MUS 212 Study Guide L (Chapter 12)

The Close of the Nineteenth Century ...

Return to Home Page

Return to MUS 212 Menu

On pp. 330-331 is a review of the general characteristics of traditional musical practices from the previous three centuries.  A perusal of these characteristics may prove beneficial in more aptly understanding the contrasts which occurred toward the end of the 19th century.

  1. Of all the areas of music which were affected by new trends, the very concept of tonality bore the brunt of the early forces of change.

Triads in Chromatic Third Relationship

  1. Diatonic triads with roots a 3rd apart have two tones in common, e.g., F A C - A C E.  If one of the triads is altered to produce a different major or minor triad, but with the same letter names or enharmonic equivalents, a chromatic third relationship results.

    Following are chords which have a chromatic third relationship with C major:

    A C# E or Bbb Db Fb C E G Eb G Bb or D# Fx A#
    Ab C Eb or G# B# D# C E G Eb Gb Bb or D# F# A#
    Ab Cb Eb or G# B D# C E G E G# B or Fb Ab Cb

    The root must be a M3 or m3 from the original root to constitute a third relationship.  Enharmonic spellings are possible.

  1. In the late 19th century, root movement by chromatic 3rds is often used to:
  • Create frequent changes of key,
  • Cause delay in reaching the tonic, or
  • Obscure the progress of the harmonic movement leading to the ultimate tonic cadence.

Root Movement by Tritone

  1. Root movement by tritone has been seen earlier in such progressions as IV-viio6 and I-viio6/V, and, in harmonic sequences.  Root movement by tritone may be used to create a sudden change in key orientation.  See p. 337.  Here, a harmonic sequence based on tritone relationships obscures the sense of tonality.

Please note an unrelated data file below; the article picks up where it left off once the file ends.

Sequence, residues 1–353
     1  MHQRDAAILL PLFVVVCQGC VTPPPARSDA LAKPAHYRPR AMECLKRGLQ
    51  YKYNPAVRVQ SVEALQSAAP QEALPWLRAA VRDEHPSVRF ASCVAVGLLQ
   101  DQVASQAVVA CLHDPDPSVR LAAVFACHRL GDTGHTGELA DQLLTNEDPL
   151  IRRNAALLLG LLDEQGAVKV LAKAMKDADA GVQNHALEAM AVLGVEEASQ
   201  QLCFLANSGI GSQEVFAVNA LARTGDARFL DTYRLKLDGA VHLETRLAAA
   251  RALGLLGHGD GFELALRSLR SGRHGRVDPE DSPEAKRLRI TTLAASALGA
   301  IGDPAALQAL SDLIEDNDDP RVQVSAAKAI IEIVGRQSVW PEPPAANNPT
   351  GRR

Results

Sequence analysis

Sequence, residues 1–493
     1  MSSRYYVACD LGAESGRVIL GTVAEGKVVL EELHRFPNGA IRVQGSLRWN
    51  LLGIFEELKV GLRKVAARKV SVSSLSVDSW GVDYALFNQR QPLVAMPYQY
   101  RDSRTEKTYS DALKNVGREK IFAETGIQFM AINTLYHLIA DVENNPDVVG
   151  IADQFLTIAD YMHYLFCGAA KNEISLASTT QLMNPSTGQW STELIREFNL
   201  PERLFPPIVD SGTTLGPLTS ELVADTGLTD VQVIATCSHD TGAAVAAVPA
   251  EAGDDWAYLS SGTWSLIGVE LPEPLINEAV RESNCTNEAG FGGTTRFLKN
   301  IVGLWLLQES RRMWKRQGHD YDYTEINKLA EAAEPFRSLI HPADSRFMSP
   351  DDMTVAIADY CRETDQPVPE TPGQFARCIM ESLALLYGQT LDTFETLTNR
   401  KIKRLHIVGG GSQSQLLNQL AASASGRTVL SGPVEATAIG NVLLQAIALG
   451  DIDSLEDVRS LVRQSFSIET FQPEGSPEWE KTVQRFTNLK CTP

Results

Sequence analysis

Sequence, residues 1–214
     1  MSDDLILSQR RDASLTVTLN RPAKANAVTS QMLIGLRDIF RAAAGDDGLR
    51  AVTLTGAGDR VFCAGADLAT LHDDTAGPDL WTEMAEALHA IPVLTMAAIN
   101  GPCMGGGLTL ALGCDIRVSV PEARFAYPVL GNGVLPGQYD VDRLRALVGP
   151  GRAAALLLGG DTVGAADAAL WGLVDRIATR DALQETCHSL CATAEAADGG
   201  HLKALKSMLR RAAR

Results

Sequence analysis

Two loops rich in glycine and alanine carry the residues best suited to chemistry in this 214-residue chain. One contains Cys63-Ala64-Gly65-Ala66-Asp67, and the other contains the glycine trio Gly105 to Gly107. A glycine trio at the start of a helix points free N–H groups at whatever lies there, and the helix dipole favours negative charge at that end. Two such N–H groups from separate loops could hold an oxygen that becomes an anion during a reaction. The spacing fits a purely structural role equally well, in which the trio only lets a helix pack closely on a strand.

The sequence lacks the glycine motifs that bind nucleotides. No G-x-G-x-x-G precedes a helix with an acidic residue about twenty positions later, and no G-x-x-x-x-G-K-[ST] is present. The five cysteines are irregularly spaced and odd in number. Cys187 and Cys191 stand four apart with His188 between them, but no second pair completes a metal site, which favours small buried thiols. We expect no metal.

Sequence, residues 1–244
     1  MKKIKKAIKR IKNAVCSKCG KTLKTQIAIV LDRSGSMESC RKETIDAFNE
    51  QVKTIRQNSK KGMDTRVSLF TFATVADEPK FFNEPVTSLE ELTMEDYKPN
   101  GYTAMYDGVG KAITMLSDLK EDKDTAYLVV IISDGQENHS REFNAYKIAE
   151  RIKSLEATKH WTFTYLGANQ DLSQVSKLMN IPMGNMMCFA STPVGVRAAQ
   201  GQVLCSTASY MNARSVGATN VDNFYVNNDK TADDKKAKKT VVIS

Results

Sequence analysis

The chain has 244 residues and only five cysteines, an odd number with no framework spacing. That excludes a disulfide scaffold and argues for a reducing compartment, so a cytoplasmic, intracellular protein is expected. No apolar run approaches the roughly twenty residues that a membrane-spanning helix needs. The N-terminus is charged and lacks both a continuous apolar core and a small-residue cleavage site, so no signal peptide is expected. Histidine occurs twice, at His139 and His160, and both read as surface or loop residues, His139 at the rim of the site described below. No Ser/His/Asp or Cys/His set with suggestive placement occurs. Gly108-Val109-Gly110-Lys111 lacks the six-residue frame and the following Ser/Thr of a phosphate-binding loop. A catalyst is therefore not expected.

Evasion of Tonic

  1. Traditionally, all other harmonies tend to gravitate around and toward tonic.  In the Schumann example on pp. 339-340, he avoids the opening tonic until the close of the excerpt.  Other examples on following pages illustrate situations where the tonic is intentionally "held off" for extended periods of time.

Unconventional Root Movement

  1. Toward the end of the 19th century, movement from chord to chord became freer, to the point where some compositions contain more exceptions than traditional progressions.

Indeterminate Tonic Implication

  1. Some compositions of the late 19th century foreshadow trends of 20th-century composition.  The tonic in some compositions was indeterminate for various reasons:
  • Although a key signature may be given, often the dominant chord, corroborating tonic, in a composition was seldom or incompletely stated.
  • Progressions suggesting distantly-related key areas further weakened a sense of tonic.
  • Chromatic alterations often suggested modal implications.
  • Series of inverted chords sometimes imply distantly-related keys.
  • Occasionally, a work may vacillate between two or more tonic centers.


  1. Increase in root movement by intervals other than the perfect 5th, such as chromatic 3rd and tritone relationships.
  1. Harmonic progressions in which traditional chords resolved in nontraditional ways.
  1. Prolongation of temporary key areas by delaying arrival at V-I via: deceptive resolutions, secondary dominants, diminished 7th chords in succession, etc.
  1. Short-term evasion of tonic accomplished by allowing the harmonic progression to suggest movement to a tonic, but at the point of resolution evading the tonic by chromatic devices that move the sound into a new tonal area.  The effect: wandering key relationships and a vague sense of tonality.

Return to Home Page

Return to MUS 212 Menu